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Staffordshire Group of Polito's Menagerie

$28,750Asking Price

About

From the collection of Josephine and Walter Buhl Ford

Details

  • Creator
    Staffordshire (Designer)
  • Dimensions
    Height: 11.9 in. (30.23 cm)Width: 11 in. (27.94 cm)Depth: 4.8 in. (12.2 cm)
  • Place of Origin
  • Period
  • Date of Manufacture
    1830 - 1835
  • Condition
    Restored.
  • Seller Location
    Shakespeare, CA
  • Reference Number
    1stDibs: U120628942414

About the Designer

Staffordshire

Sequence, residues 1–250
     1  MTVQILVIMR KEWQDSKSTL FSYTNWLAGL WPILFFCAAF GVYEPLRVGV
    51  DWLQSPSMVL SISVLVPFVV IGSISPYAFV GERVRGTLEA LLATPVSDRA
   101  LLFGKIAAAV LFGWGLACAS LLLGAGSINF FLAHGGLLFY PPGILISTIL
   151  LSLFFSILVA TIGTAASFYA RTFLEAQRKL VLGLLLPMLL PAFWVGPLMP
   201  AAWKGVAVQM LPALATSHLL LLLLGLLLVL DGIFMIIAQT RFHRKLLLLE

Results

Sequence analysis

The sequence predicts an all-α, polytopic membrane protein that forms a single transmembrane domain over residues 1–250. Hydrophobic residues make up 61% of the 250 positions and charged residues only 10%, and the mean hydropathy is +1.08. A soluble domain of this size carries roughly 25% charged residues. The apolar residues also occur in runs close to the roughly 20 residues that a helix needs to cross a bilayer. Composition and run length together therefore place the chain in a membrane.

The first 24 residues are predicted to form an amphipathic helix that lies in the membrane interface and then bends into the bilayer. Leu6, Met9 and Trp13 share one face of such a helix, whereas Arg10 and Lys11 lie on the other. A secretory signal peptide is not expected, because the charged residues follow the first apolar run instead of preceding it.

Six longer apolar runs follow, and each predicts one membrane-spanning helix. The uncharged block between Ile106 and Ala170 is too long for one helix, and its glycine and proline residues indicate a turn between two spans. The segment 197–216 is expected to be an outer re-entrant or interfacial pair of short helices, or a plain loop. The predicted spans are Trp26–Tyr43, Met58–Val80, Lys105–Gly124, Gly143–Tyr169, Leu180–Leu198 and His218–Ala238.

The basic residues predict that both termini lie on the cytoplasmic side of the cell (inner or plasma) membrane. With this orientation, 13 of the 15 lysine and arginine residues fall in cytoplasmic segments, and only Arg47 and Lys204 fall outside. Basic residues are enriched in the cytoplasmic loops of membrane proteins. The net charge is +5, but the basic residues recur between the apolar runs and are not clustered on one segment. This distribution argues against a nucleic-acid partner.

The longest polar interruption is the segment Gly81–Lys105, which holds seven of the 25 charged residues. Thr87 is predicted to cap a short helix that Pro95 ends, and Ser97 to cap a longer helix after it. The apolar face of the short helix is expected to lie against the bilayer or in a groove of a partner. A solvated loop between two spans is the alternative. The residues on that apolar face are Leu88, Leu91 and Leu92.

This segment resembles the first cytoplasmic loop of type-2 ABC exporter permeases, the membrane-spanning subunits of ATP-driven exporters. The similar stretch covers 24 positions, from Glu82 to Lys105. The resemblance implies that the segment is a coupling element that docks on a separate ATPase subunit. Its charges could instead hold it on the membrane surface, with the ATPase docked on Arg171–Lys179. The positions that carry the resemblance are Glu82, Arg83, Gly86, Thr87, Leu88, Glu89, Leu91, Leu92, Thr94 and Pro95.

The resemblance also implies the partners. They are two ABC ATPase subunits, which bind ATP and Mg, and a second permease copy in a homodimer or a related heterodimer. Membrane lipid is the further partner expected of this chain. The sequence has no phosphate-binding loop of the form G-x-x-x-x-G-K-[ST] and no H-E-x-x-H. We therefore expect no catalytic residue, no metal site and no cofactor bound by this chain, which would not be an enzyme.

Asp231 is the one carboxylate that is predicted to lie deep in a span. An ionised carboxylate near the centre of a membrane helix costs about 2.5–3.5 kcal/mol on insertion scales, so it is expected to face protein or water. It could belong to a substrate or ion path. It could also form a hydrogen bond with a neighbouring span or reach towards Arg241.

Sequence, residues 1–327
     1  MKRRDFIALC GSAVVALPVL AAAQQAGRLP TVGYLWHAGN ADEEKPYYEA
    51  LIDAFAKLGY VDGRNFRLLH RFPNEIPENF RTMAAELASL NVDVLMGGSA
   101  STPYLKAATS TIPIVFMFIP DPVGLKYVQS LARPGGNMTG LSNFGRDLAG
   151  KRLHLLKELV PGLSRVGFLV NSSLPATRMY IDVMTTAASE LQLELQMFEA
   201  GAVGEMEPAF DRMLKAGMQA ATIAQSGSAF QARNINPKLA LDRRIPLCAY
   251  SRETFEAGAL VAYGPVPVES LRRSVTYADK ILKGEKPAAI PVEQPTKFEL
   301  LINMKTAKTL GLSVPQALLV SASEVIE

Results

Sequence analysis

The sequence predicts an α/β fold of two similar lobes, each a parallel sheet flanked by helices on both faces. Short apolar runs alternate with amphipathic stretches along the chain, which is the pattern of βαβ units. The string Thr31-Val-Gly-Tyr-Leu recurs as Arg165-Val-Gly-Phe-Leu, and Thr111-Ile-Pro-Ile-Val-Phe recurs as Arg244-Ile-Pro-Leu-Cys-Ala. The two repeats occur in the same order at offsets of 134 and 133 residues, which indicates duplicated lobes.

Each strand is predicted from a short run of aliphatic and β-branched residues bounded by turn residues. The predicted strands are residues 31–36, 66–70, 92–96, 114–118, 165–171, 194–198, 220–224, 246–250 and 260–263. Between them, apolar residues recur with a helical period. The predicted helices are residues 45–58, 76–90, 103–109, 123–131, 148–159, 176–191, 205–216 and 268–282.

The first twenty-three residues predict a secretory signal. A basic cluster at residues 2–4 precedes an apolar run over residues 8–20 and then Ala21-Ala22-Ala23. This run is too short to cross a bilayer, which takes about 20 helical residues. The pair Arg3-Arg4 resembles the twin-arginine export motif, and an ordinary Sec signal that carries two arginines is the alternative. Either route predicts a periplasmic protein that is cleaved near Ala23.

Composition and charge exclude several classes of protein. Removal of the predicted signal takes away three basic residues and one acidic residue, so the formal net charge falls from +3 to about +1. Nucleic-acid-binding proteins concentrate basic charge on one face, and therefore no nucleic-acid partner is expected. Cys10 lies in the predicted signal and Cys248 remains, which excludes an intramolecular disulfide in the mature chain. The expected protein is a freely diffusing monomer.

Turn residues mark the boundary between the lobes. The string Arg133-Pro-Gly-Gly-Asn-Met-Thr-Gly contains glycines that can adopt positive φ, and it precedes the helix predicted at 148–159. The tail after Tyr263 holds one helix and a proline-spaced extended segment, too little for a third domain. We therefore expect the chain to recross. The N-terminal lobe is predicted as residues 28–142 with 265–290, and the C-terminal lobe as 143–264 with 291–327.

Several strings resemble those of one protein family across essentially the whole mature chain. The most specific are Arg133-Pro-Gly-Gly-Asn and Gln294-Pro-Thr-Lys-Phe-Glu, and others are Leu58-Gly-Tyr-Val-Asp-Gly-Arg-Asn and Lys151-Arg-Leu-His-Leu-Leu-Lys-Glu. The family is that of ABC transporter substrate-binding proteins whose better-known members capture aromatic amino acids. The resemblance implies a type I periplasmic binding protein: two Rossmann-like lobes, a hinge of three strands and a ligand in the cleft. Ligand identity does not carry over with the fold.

Thanks to its reserves of clay, lead, salt and coal, Staffordshire, England, has been a center for ceramics since the early 17th century. The county was home at one time to hundreds of pottery workshops and as many as 4,000 bottle-shaped kilns that operated year-round. The term “Staffordshire Potteries” refers to the industrial area of Stoke-on-Trent — comprising the towns Burslem, Fenton, Hanley, Longton, Stoke and Tunstall — where most of the production was concentrated. In 1720, potter John Astbury discovered that he could make what would later be called creamware by adding ground flint powder to the local red clay. Because resources were so plentiful in Staffordshire, local potters could afford to experiment, working to refine their techniques and designs. One such innovator was Thomas Whieldon, an important 18th-century potter known today for his tortoiseshell ware, whose brilliant glazed surface of caramel, yellow and green hues was made with copper and manganese compounds. Whieldon operated the Fenton Low workshop, making coffee- and teapots, dinner services and even ornamental knife hafts. He was an influential figure: Josiah Spode apprenticed at the workshop, and Josiah Wedgwood partnered with Whieldon for five years before establishing his eponymous firm in 1759. Wedgwood is perhaps the best known of the Staffordshire potters. The firm produced a line of light-colored earthenware for Queen Charlotte, who liked it so much that she granted permission to market it under the moniker Queen’s Ware, which despite the name, was designed for everyday use. In the same regal vein, in 1773, Wedgwood created the 954-piece Frog service for Catherine the Great, of Russia. The company is also known for its black stoneware, Black Basalt, which imitates the color and shapes of Etruscan vases; Jasperware, with its classical reliefs applied on the unglazed body; and pearlware. By the end of the 18th century, Staffordshire was the primary producer of ceramics for the American colonies, even creating patriotic wares celebrating independence for this market. The imagery on Staffordshire ceramics became more standardized the mid-18th century with the advent of transferware, in which a design etched on a copper plate is printed on tissue paper, which is then used to transfer the wet ink onto the ceramic surface. This technique enabled artisans to decorate their wares with complex scenes that wrapped around an object’s surface and make several copies of popular patterns. The Staffordshire potters also produced decorative figurines, such as this charming pair of cows dating from the 19th century. Particularly popular in Great Britain were pieces with hunting imagery, such as this George IV porcelain stirrup cup in the shape of a fox head wearing a gilt collar inscribed with the word “Tallyho.” Among the many whimsical vessels produced is this mid-19th-century frog mug. The exterior is painted with a charming scene of people picking fruit on one side and ladies on a garden swing on the other side, while inside a molded frog’s head at the bottom of the mug makes a gurgling sound when the the beverage has been almost completely consumed.

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